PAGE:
From mother to son, yoga’s great for all. By Jonathan Schofield
I started my yoga journey in a Swedish farmhouse surrounded by the glorious wilderness of the country’s Svartadalen region. I’d thoroughly recommend this to anyone: experienced yogis, or stiff, unyielding beginners like me.
Before I began the process of unravelling my knotted body on a mat each week, yoga had always been a bit of a mystery to me. As a young boy in the 1970s (it’s okay, I survived unscathed) yoga was a place my mum went to on a Tuesday night and was mocked and treated with disdain by my dad. “There’s no dinner tonight, your mother’s gone to yoga with her hippy friends.” He wasn’t known for being in touch with his feminine side and this yoga place was clearly somewhere to be sneered at.
For a long time I had no real concept of what yoga was. Then I discovered the small yoga book in our house. There was a lady from the 1970s in a brown leotard on the front cover. Occasionally, and then with increasing regularity, I would flick through the pages filled with more curvaceous women from the 1970s in brown, yellow and orange leotards. There was no internet back then.
Looking back I see why my mother, a head mistress at a tough school, disappeared for some solace every Tuesday night and would attend a retreat once a year, with hippy friends of course. I can’t prove that yoga was the fundamental difference, but my mother seemed to float through life in a state of continual calm, and still does today, while my father raged at life, the world, those around him, and died long ago.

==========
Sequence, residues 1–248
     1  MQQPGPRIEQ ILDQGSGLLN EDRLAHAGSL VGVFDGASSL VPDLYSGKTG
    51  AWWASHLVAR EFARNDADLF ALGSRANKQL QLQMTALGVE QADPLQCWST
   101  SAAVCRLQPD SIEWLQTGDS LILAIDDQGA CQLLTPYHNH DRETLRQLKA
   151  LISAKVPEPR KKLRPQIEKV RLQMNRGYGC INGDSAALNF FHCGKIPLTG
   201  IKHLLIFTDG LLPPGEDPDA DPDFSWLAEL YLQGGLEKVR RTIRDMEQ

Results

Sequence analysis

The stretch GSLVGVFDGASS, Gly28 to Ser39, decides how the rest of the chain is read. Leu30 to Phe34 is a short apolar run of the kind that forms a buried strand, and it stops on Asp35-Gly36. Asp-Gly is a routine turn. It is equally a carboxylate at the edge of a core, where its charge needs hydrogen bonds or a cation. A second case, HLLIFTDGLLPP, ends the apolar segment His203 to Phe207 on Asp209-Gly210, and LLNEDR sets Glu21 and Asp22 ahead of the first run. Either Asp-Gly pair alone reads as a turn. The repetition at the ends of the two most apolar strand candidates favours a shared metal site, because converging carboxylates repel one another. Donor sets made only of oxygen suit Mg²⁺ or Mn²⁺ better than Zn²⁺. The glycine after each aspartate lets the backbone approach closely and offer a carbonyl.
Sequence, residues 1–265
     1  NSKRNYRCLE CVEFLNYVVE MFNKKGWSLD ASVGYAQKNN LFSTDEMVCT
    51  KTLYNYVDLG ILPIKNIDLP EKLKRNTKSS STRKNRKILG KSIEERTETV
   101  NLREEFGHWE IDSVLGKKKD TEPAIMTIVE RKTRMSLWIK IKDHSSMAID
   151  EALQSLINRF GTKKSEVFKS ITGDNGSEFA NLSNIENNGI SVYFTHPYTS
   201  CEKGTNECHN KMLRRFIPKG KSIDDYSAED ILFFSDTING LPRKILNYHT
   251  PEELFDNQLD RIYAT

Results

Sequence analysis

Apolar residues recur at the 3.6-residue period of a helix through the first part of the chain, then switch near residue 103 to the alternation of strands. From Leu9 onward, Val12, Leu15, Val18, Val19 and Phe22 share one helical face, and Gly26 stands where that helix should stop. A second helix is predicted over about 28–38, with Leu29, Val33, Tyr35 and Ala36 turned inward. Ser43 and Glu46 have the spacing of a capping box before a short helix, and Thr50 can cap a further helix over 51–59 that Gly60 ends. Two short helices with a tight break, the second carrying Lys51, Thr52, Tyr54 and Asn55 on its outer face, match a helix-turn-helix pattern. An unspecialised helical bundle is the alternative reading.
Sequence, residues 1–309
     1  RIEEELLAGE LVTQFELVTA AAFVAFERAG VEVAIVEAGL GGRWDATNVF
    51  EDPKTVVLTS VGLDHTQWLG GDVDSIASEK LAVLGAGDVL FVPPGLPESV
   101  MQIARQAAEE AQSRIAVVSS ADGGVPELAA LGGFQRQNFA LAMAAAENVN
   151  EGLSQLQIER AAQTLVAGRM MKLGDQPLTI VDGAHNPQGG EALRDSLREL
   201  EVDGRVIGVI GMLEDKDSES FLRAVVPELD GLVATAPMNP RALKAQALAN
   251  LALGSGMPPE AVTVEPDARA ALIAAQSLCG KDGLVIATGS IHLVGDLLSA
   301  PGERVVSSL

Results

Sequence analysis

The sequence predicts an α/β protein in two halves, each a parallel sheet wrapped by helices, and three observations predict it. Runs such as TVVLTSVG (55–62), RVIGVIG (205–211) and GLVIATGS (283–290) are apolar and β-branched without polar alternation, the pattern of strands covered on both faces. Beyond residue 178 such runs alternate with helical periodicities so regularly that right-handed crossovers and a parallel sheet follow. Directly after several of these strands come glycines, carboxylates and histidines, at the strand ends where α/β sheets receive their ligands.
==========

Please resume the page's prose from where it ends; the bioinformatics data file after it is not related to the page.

As I rapidly close in on my father’s final age I feel an ever-greater need to continue practicing yoga. I now attempt to get to a class somewhere every week. At some point every day I try to fit in a few salutes to the sun as a minimum. My back begins to fill with quick-drying cement and my head with increasingly black clouds if I don’t.
I had no time for it during my 20s and 30s. How could exercise that didn’t make you sweat, or involve lifting heavy bits of metal be doing you any good? I’m over that now. I only regret that it took a bad back, knackered knees and a darkening mind to get me started.